Models of support in higher education for low-income, first generation, and racially minority students

SEHD News, 03-25-2021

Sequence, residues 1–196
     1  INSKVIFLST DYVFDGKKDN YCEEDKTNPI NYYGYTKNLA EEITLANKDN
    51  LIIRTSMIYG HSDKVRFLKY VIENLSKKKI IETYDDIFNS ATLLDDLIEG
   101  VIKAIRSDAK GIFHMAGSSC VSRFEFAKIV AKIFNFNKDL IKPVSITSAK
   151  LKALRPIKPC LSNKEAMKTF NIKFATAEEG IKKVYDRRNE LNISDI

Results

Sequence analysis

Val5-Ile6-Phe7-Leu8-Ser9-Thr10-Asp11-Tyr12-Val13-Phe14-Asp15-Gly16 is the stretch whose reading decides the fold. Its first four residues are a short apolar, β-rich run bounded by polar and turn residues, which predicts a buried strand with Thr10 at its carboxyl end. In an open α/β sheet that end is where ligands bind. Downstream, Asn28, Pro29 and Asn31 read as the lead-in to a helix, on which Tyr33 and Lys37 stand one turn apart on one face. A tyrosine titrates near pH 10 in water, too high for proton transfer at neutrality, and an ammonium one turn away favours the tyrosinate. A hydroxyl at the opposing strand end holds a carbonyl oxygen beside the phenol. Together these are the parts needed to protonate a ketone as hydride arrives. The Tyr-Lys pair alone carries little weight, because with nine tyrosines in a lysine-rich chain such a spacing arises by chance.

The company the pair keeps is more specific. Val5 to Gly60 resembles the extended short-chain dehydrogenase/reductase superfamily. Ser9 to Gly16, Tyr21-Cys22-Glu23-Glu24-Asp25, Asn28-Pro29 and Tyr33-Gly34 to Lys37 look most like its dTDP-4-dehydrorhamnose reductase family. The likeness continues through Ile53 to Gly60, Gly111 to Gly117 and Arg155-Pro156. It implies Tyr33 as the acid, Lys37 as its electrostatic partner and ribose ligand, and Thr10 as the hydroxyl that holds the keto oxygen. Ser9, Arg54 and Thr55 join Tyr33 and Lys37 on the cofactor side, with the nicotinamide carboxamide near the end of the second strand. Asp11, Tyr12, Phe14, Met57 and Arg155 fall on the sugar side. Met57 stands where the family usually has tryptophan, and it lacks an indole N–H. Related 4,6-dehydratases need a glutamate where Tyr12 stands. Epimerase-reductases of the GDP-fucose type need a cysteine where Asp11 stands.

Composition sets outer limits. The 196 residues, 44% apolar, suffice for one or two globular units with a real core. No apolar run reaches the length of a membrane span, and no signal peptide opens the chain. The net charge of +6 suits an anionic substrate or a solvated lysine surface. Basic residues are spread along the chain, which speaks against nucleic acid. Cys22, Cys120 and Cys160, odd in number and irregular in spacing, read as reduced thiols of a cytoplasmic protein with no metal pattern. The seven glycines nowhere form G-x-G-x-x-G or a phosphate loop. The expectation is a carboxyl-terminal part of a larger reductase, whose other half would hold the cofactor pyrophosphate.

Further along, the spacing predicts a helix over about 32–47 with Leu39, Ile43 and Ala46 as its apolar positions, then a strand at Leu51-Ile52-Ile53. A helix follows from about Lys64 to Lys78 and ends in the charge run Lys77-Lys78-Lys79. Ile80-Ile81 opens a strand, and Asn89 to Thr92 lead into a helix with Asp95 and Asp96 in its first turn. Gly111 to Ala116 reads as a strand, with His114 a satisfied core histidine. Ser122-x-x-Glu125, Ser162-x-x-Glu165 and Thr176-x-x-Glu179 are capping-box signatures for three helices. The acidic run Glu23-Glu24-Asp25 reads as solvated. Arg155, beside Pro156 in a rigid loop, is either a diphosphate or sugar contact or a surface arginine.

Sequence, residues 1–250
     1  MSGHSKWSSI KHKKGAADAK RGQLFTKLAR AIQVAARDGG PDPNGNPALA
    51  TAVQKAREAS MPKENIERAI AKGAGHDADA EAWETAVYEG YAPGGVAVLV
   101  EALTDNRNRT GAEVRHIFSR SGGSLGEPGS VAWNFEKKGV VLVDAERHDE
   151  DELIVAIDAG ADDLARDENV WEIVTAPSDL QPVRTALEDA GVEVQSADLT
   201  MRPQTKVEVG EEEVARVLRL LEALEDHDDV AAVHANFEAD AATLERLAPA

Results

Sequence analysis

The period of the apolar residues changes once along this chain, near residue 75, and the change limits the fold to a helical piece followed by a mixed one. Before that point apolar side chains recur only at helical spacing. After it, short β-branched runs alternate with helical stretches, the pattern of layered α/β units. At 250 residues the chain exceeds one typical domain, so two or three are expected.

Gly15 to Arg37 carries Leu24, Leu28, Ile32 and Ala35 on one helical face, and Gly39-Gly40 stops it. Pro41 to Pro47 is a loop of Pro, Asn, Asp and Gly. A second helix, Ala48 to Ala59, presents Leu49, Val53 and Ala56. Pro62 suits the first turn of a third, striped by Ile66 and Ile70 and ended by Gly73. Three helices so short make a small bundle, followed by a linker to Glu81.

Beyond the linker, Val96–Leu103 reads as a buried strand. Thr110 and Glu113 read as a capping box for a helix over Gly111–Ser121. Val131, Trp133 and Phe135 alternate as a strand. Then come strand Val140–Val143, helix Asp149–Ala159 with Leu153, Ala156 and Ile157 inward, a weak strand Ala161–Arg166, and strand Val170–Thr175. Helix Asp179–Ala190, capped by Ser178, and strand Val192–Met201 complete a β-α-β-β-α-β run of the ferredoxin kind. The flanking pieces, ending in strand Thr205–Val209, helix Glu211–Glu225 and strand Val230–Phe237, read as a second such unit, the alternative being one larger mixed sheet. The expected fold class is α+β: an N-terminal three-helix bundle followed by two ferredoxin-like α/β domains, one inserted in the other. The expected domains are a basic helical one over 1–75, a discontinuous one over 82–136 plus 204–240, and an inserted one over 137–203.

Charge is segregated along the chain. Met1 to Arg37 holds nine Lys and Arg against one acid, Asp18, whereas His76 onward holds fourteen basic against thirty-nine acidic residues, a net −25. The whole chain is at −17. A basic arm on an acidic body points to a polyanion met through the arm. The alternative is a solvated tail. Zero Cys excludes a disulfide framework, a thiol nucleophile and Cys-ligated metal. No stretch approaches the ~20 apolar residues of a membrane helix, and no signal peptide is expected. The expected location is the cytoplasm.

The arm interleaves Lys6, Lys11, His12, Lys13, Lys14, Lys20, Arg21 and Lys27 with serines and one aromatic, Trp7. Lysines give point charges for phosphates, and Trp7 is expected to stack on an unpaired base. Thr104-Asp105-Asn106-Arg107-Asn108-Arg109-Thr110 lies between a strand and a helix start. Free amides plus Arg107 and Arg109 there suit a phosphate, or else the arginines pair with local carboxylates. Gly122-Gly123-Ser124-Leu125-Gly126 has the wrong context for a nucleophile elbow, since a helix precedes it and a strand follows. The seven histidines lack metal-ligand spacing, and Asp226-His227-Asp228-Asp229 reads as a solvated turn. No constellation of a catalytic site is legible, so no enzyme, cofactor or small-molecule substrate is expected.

Kitchen has worked as a co-investigator on a multi-million dollar, mixed-methods, longitudinal study of a comprehensive college transition program serving thousands of low-income, first generation, and racially minoritized (i.e., "at-promise") students at a midwestern state university system. The purpose of the program is to facilitate a successful transition into college for students typically not well-served by higher education. The program offers a comprehensive suite of support including proactive advising, shared courses with a cohort of peers taught by designated faculty, staff advising meetings, a first-year seminar, a scholarship, academic and social activities, and major and career support. Kitchen has led the project in two areas in particular on the project around (a) major and career self-efficacy among at-promise students and (b) ecological and validating support for at-promise students. In both areas, Kitchen and his colleagues have identified the potentially transformative role of college educators who take an ecological and tailored approach to at-promise student support that is both affirming of students' capabilities for success and recognizes their past experiences, identities, and cultures as assets that can be leveraged by educators in proactive ways to help them reach their college and career goals. Kitchen and colleagues have developed models for at-promise student support extrapolated from the effective approaches discovered over the course of the program study that could lead to transformational institutional change in higher education to better serve at-promise students.